study. This included giving informed consent, which was done
by e-mail. On this website participants were instructed to an-
swer questions about gender, age, occupation, medication, pre-
vious therapy, expectations and complete a set of self-report
The following inclusion criteria were used: age 18 years or
older; a total score on the Montgomery Åsberg depression rat-
ing scale (MADRS-S) between 15 - 30 (mild-to- moderate de-
pression); a score of less than 4 on item 9 (zest for life) on the
MADRS-S (used to reduce any risk of including participants in
need of more extensive treatment); giving informed consent
(done by e-mail); no antidepressant medication initiated or
changed in dosage during the last month (stable medication
allowed); no ongoing psychotherapy; a diagnosis for major
depression according to SCID-I; no psychotic states, bipolar
disorder, alcohol and/or substance abuse problems.
Those who met the criteria for major depression according to
self report inventories (pre-measure) were invited to a struc-
tured interview using the Structured clinical Interview for DSM
IV ( SCID-I) (First et al., 1997). Thereafter participants com-
pleted the Controlled Word Association Test (COWAT); (Lezak,
1995), the AMT (Williams, 2001) and the FTT (MacLeod et al.,
We used four self-report measures. The MADR-S consists of
9 items and used to measure depressive symptoms (Svanborg &
Åsberg, 2001). As a second measure of depressive symptoms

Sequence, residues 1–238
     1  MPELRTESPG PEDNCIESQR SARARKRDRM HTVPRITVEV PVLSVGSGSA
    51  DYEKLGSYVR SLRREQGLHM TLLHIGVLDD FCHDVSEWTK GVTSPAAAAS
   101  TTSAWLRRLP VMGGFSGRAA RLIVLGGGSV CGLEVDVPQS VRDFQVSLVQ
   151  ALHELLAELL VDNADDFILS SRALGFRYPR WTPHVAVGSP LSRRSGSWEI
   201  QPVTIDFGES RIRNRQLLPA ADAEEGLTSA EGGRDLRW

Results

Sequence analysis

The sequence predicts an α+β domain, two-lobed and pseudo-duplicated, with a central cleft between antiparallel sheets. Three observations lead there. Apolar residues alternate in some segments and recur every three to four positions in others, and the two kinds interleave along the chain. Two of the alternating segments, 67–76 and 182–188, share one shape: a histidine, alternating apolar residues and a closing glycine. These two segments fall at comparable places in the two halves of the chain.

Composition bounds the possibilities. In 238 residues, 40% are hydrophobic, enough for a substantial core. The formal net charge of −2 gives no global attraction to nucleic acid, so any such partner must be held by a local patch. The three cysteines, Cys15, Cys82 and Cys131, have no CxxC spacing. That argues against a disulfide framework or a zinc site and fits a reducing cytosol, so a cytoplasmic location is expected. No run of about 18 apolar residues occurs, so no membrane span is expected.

we used the 21-item Beck Depression Inventory - BDI (Beck,
Ward, Mendelson, Mock, & Erbaugh, 1961). As a measure of
anxiety we used the 21-item Beck Anxiety Inventory—BAI
(Beck, Epstein, Brown, & Steer, 1988). The BAI was specifi-
cally designed to discriminate anxiety from depression. Phy-
siological and cognitive components of anxiety are addressed in
21 items. Finally, we used the Quality of Life Inventory—QoLI
(Frisch, Cornell, Villanueva, & Retzlaff, 1992). This measure
includes 16 dimensions of life (e.g. health, economy). For each
dimension a rating is made regarding importance (scored 0 to 2)
and of how pleased the person is with that dimension (scored
–3 to +3, but with no 0 alternative). The QoLI has been re-
ported to have satisfactory reliability and validity (Frisch et al.,
1992). Psychometric properties for the MADRS-S, BDI and
BAI are also robust.
The future thinking task (FTT) and the controlled word asso-
ciation test (COWAT)
The FTT is a verbal test in which participants are asked to
think of potential future events/experiences across three time
periods: next week, next year, and the next 5 - 10 years
(MacLeod et al., 1993). This is completed for both positive and
negative future events, with 1 minute given for each time pe-